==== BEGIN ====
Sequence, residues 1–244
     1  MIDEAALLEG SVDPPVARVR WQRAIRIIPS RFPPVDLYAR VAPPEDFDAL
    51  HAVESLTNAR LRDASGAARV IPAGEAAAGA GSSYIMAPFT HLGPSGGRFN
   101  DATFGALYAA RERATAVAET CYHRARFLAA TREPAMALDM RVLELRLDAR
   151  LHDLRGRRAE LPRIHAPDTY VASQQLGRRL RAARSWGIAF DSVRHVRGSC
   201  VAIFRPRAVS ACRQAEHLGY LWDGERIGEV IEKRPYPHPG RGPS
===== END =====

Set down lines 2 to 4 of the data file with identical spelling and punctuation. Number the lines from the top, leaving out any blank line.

     1  MIDEAALLEG SVDPPVARVR WQRAIRIIPS RFPPVDLYAR VAPPEDFDAL
    51  HAVESLTNAR LRDASGAARV IPAGEAAAGA GSSYIMAPFT HLGPSGGRFN
   101  DATFGALYAA RERATAVAET CYHRARFLAA TREPAMALDM RVLELRLDAR